Featured objects: Dress, Highland Rape; Suit, Highland Rape; Ensemble, Widows of Culloden; Dress, Widows of Culloden; Ensemble, The Girl Who Lived in the Tree; Ensemble, The Girl Who Lived in the Tree

Romantic Exoticism

“I want to be honest about the world that we live in, and sometimes my political persuasions come through in my work. Fashion can be really racist, looking at the clothes of other cultures as costumes. . . . That’s mundane and it’s old hat. Let’s break down some barriers.”

—Alexander McQueen

McQueen’s romantic sensibilities expanded his imaginary horizons not only temporally but also geographically. As it had been for Romantic artists and writers, the lure of the exotic was central to his work. Like his historicism, McQueen’s exoticism was wide ranging—India, China, Africa, and Turkey all sparked his imagination. Japan was particularly significant to him, both thematically and stylistically. The kimono, especially, was a garment that he reconfigured endlessly. Remarking on the direction of his fashions, McQueen said, “My work will be about taking elements of traditional embroidery, filigree, and craftsmanship from countries all over the world. I will explore their crafts, patterns, and materials and interpret them in my own way.” As with many of his themes, however, McQueen’s exoticism was often expressed in contrasting opposites. That was the case with It’s Only a Game (spring/summer 2005), a show staged as a chess game inspired by a scene in the film Harry Potter and the Sorcerer’s Stone (2001), which pitched the East (Japan) against the West (America). Films often inspired McQueen, as did contemporary art. VOSS (spring/summer 2001), which featured a number of exoticized garments, including a coat and a dress appliquéd with roundels in the shape of chrysanthemums, was inspired by a photograph of Joel-Peter Witkin entitled Sanitarium (1983), which depicted an obese woman connected via a breathing tube to a stuffed monkey. On McQueen’s runway, the fetish writer Michelle Olley played the role of the woman. Typical of McQueen’s collections, VOSS offered a commentary on the politics of appearance, upending conventional ideals of beauty. For McQueen, the body was a site for contravention, where normalcy was questioned and the spectacle of marginality was embraced and celebrated.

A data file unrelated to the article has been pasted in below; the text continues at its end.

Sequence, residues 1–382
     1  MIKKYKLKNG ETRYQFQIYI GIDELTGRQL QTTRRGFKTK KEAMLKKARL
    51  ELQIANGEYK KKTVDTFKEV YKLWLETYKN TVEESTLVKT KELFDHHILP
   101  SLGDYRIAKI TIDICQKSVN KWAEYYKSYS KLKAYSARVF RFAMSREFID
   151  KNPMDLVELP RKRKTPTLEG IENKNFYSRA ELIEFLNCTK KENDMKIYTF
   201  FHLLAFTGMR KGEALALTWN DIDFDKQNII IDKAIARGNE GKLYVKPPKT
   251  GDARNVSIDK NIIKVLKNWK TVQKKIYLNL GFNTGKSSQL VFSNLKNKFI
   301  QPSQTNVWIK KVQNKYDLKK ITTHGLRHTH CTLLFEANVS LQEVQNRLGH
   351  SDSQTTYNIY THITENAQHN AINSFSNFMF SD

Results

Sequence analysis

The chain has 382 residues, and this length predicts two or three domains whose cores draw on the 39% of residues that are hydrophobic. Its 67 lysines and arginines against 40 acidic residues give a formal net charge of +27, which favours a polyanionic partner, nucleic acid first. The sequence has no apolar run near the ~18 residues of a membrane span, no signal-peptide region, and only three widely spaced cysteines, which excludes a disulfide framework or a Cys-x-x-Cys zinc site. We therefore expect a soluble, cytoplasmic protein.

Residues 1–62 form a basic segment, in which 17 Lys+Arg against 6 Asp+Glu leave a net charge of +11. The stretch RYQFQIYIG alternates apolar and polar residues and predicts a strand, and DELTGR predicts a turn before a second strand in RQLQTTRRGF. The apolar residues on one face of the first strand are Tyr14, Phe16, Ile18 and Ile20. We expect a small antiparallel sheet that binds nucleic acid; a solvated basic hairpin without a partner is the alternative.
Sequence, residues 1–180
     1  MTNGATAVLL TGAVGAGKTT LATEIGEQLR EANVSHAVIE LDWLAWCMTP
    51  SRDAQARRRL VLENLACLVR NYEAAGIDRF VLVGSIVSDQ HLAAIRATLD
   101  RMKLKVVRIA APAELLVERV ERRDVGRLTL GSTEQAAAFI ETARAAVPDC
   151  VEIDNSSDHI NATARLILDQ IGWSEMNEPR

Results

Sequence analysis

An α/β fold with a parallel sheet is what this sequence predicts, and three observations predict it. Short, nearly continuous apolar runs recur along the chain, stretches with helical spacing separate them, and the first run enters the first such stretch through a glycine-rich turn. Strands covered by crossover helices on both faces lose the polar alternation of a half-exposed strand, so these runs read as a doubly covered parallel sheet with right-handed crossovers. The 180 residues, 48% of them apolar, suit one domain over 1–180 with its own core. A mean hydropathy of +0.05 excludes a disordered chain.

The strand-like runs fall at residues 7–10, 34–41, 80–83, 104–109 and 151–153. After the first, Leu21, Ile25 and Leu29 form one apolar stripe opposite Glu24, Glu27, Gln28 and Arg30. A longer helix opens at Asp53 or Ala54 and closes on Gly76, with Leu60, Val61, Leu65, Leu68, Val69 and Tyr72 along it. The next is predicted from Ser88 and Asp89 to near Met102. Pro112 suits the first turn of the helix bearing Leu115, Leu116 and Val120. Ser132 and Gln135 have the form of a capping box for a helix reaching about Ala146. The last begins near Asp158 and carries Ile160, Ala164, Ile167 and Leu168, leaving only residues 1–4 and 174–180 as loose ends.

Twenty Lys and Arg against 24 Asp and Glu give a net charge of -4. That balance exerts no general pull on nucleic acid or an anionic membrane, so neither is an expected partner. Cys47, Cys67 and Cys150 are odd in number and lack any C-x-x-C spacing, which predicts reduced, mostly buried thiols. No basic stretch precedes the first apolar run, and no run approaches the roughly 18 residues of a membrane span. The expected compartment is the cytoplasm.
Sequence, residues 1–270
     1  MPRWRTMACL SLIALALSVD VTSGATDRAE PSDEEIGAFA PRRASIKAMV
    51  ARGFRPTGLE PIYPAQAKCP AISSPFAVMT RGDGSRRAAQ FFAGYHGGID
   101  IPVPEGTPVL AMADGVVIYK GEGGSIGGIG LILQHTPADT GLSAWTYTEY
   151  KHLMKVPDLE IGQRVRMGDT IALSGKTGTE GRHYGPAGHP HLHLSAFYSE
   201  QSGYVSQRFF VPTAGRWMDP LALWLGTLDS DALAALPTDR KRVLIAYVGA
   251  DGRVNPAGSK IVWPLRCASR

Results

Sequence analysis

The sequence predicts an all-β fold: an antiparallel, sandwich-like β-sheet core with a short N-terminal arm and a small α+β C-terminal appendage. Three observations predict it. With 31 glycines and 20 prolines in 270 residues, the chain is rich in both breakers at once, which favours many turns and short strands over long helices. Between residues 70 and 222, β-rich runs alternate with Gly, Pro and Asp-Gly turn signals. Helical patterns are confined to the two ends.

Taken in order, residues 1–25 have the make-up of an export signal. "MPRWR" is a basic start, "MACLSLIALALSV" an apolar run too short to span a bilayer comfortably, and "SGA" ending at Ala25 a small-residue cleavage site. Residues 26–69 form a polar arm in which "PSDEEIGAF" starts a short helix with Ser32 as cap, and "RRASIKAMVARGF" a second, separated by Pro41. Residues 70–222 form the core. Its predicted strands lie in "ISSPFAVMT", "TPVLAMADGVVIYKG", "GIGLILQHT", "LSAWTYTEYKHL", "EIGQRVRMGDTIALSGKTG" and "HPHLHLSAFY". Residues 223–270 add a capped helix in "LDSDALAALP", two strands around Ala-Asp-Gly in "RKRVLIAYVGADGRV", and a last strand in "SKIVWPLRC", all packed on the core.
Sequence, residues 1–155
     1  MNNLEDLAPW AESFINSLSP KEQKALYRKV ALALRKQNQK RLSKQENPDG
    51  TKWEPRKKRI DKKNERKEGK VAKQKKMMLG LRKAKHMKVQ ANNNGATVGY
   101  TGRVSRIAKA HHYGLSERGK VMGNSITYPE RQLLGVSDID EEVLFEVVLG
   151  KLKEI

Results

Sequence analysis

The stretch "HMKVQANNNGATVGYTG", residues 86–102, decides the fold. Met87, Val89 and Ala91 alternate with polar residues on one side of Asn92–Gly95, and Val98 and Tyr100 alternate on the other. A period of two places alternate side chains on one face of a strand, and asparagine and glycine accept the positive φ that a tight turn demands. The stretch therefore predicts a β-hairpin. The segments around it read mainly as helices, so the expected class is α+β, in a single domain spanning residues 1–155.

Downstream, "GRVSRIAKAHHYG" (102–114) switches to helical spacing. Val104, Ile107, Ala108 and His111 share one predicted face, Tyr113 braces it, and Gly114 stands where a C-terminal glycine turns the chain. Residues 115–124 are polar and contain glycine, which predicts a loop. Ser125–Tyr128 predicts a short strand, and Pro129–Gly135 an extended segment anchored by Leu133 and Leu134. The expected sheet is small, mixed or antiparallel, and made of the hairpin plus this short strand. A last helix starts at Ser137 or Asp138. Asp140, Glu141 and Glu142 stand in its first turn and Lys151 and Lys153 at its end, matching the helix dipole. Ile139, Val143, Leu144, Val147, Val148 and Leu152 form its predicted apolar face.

Featured objects: Ensemble, It’s Only a Game; Ensemble, It’s Only a Game; Ensemble, VOSS; Ensemble, VOSS; Dress, VOSS

Romantic Primitivism

“I try to push the silhouette. To change the silhouette is to change the thinking of how we look. What I do is look at ancient African tribes, and the way they dress. The rituals of how they dress. . . . There’s a lot of tribalism in the collections.”

—Alexander McQueen

Throughout his career, McQueen returned to the theme of primitivism, which drew upon the ideal of the noble savage living in harmony with the natural world. It was the focus of his first runway collection after graduating, Nihilism (spring/summer 1994). He said of the collection, “It was a reaction to designers romanticizing ethnic dressing, like a Masai-inspired dress made of materials the Masai could never afford.” It famously included a latex dress with locusts, McQueen’s statement on famine. Many of the pieces were coated with mud, a conceit the designer repeated in Eshu (autumn/winter 2000–2001), a collection inspired by the well-known deity in the Yoruba religion. The clothes, including a coat of black synthetic hair and a dress of black horsehair embroidered with yellow glass beads, came close to fetishizing materials. This fetishization also occurred in It’s a Jungle Out There (autumn/winter 1997–98), which was inspired by the Thomson’s gazelle. The collection was a meditation on the dynamics of power—in particular, the relationship between predator and prey. Indeed, McQueen’s reflections on primitivism were frequently represented in paradoxical combinations, contrasting “modern” and “primitive,” “civilized” and “uncivilized.” The storyline of Irere (spring/summer 2003) involved a shipwreck at sea and was peopled with pirates, conquistadors, and Amazonian Indians. Typically, McQueen’s narrative glorified the state of nature and tipped the moral balance in favor of the “natural man” or “nature’s gentleman” unfettered by the artificial constructs of civilization.